Professor John Quiggin continues his examination of archaic economic models that have been ineffectual since the Global Financial Crisis.
IN THE IMMEDIATE aftermath of the Global Financial Crisis, I started work on a book looking at bad economic ideas that had been, as I thought, finally killed by the crisis. These ideas formed part of a package variously known as neoliberalism, economic rationalism and (my preferred term) market liberalism.
As the book progressed, however, I realised that these ideas were being reanimated in zombie form (a term I borrowed from Paul Krugman, winner of the economics Nobel award, as well as being a columnist for the New York Times). So, the title of my book was changed to ‘Zombie Economics: How Dead Ideas Still Walk Among Us’.
In previous instalments, I’ve looked at the Great Moderation (the idea that the economy of the early 2000s had reached a new and permanent state of stability) and the efficient market hypothesis (which stated that financial markets always make the best possible estimate of the value of any investment, public or private). The two were tied together by the idea that it was the massive size and sophistication of financial markets that produced the Great Moderation.
The other supposed source of the Great Moderation, closely related to the financialisation of the economy, was successful macroeconomic management by central banks like the Reserve Bank. The key idea was to set a target band of inflation rates (in Australia between two and three per cent) and use modest adjustments to interest rates — in Australia’s case, the “cash rate” at which the RBA lends to commercial banks in order to keep inflation within the target range.
The macroeconomic model underlying this approach went by the grandiose name of Dynamic Stochastic General Equilibrium (DSGE). “Dynamic” means over time, “stochastic” means under uncertainty and “general equilibrium” describes the balanced state towards which the economy supposedly tends in the absence of government mismanagement. The idea is that people (described in the model as “representative agents”) make lifetime plans for work, consumption and saving taking account of everything that can possibly happen, then interact in markets which determine equilibrium prices.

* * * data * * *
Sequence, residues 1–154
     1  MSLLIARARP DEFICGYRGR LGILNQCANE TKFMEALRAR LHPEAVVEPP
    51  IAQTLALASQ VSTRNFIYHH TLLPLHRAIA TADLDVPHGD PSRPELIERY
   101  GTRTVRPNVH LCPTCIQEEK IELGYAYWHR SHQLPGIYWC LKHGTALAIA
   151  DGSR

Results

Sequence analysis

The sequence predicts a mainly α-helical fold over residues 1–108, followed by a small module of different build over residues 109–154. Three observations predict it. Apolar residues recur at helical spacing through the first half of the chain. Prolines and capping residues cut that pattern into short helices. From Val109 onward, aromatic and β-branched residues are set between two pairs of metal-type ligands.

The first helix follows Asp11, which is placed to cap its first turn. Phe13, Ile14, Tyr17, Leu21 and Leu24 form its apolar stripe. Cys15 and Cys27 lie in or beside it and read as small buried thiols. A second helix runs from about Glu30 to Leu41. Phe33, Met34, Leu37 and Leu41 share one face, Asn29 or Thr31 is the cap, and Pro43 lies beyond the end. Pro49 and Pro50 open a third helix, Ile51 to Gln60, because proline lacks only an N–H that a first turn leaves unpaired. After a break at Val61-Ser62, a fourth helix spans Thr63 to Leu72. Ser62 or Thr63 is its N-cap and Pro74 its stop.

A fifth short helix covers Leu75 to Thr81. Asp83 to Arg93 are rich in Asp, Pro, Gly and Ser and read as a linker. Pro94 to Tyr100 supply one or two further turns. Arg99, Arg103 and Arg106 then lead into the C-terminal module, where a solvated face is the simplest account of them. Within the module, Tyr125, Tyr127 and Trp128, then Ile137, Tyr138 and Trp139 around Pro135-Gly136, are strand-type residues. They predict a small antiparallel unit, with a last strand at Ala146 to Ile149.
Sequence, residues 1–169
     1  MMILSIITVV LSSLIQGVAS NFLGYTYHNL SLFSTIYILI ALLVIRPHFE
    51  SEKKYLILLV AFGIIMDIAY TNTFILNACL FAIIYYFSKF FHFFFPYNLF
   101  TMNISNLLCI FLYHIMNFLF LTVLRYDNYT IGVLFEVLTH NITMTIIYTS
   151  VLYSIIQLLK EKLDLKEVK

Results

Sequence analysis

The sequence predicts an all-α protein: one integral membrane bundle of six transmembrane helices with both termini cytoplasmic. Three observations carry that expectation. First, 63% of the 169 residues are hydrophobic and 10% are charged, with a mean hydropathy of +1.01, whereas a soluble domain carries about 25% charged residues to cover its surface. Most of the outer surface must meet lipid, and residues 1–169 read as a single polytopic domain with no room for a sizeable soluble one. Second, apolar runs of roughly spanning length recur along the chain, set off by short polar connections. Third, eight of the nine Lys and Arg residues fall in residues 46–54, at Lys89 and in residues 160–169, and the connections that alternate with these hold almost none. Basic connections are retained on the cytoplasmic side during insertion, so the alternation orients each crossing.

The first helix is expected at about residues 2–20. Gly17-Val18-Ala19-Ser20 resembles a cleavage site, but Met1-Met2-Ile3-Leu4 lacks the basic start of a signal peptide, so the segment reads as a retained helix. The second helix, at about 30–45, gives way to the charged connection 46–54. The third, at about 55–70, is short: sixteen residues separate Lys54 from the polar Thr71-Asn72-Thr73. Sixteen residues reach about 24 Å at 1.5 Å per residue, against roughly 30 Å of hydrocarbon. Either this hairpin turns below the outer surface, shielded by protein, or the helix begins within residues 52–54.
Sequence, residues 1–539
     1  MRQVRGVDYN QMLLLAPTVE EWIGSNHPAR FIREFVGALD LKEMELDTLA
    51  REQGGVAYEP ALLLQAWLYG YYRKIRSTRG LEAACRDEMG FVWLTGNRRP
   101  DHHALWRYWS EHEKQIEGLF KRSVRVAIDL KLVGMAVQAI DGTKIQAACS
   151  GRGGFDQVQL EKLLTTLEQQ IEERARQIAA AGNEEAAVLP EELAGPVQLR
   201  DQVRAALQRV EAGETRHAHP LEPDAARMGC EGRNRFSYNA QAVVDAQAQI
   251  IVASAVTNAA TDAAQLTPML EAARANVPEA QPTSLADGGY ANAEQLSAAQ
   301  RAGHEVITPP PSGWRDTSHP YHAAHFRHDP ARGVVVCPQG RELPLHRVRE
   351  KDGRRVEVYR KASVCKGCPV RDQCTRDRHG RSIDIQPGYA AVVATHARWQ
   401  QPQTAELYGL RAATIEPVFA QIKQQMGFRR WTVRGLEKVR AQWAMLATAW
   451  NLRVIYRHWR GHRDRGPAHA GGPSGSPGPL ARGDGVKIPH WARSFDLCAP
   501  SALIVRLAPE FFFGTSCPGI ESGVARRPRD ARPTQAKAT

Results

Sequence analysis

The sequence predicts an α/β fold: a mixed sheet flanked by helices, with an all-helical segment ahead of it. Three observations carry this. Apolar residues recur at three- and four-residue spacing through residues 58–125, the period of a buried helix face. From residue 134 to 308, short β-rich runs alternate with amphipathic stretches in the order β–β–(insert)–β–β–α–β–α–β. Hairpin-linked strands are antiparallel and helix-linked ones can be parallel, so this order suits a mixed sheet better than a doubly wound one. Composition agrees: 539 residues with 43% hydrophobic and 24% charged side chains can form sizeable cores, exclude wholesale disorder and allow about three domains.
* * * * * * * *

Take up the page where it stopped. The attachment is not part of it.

DSGE modellers don’t believe this hyper-rational model is actually correct, but they come close. The aim of the game is to make small tweaks to the model which allow it to match critical features of the economic data and derive suggestions for central bank policy as a result. This worked well enough during the calm years of the Great Moderation to build up an industry within the economics profession which drove most of its competitors, such as old fashioned Keynesians, out of business. But the model breaks whenever it encounters a real, unpredictable crisis.
The Global Financial Crisis should have killed off both DSGE modelling and inflation targeting. Contrary to the model, the economy regularly generates massive shocks that can’t be managed by tweaking interest rates. For a short time after the crisis, post-Keynesian models like those of Hyman Minsky came to the fore. But the DSGE school was too firmly entrenched to be dislodged. Doubtless, it will carry on despite the evidence of the current pandemic that uncertainty can’t be tamed by the well-defined probability distributions used in DSGE.
The case of inflation targeting is even worse. The policy has been in a state of zombified suspended animation ever since the GFC. Interest rates have been near zero, or even negative in some countries and inflation has been stubbornly below the target range (not a problem contemplated when the policy came in). The result is that conventional monetary policy is largely ineffectual.
The Reserve Bank recognised the difficulty some time ago and has been calling for governments to spend and invest more instead of obsessing about largely meaningless measures of budget surplus. After ignoring these pleas for years, the Morrison Government was commendably swift in its response to the pandemic, with temporary spending measures amounting to more than $200 billion.
But, as with the GFC, economic policymakers are still operating on the basis that the pandemic crisis is a once-off exception and we will soon be able to return to the illusory “normality” of the Great Moderation. But crises like this are the rule, not the exception. Unless governments and central banks commit themselves to achieving and maintaining full employment, the zombie ideas of market liberalism will continue to wreak havoc.
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